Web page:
Kelly Clarkson Tears Up as Voice Contestant Sings Her Breakup Tune 'Already Gone' amid Divorce
Clarkson, 38, who returned to season 20 of NBC's hit singing competition just in time for the Knockout Rounds, selected contestants Ryleigh Modig and Corey Ward to face off in the Knockouts — and Ward made the bold decision to perform her song "Already Gone" for the big showdown. Fellow contestant Modig, 18, opted to sing Kings of Leon's "Use Somebody."
During rehearsals, the songstress couldn't hold back her tears as Ward belted her emotional tune which seemingly holds even more meaning amid her divorce to Brandon Blackstock.
"When I wrote 'Already Gone,' I was going through something that I thought, 'It's okay. It doesn't always have to work out," Clarkson explained. "Hearing him sing that to me, in my life now, it's like, are you smacking me in the face with my own message?"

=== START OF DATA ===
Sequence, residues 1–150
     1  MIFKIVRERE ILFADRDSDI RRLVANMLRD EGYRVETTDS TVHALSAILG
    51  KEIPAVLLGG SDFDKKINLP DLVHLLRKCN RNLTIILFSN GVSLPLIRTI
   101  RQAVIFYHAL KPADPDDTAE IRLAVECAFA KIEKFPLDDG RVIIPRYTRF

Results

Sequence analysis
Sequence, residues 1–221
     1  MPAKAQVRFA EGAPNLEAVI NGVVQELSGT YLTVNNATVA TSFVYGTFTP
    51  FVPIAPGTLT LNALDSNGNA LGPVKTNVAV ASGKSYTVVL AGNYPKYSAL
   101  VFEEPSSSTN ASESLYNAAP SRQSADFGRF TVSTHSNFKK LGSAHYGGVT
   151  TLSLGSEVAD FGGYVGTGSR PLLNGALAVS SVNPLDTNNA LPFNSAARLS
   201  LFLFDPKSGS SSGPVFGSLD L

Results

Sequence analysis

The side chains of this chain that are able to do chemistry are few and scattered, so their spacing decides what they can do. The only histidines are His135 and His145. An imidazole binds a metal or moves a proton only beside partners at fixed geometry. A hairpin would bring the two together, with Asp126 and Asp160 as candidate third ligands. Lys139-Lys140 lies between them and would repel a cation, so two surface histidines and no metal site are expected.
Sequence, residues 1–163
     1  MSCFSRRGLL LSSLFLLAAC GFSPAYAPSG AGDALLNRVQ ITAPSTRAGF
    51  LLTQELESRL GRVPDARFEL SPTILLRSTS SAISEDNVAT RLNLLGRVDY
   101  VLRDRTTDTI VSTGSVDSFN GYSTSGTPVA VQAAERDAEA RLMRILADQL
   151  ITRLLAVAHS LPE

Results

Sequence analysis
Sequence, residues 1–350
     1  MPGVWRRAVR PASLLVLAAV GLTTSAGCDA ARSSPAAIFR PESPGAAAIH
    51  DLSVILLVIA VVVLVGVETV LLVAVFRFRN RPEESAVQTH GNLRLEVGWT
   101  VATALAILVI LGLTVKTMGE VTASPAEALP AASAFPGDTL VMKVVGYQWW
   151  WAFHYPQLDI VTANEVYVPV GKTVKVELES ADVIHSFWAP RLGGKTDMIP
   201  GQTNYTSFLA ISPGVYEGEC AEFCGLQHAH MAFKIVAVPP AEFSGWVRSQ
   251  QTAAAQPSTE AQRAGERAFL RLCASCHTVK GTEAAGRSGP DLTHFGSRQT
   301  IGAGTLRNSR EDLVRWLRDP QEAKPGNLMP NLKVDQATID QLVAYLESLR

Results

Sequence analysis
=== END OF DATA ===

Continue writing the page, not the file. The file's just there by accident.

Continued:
"It's interesting when you write something, and you don't feel it 'til years later," said Clarkson, who split from Blackston after nearly seven years of marriage.
Ultimately, Clarkson chose to keep Ward on her team after the Knockouts. Modig was saved by John Legend, who selected her to continue competing on the show under his guidance.
Clarkson and Blackstock have been battling over financial agreements and custody of their two children River Rose, 6, and Remington Alexander, 4½, since the hitmaker filed for divorce in a Los Angeles court on June 6, citing irreconcilable differences.
In February, she opened up about her ability to use music as a coping mechanism amid the split.
"I have written like 60 songs," she told Entertainment Tonight at the time. "It is an insane amount of getting it out."
"I think that's a blessing in itself," she went on. "Anytime you go through some life, it's such an awesome thing to have that outlet, regardless of whether people hear it or not."
She later added, "I don't know how anybody, I'll just be real with you, goes through grief like divorce, any kind of grief, any kind of loss, without having an outlet like this."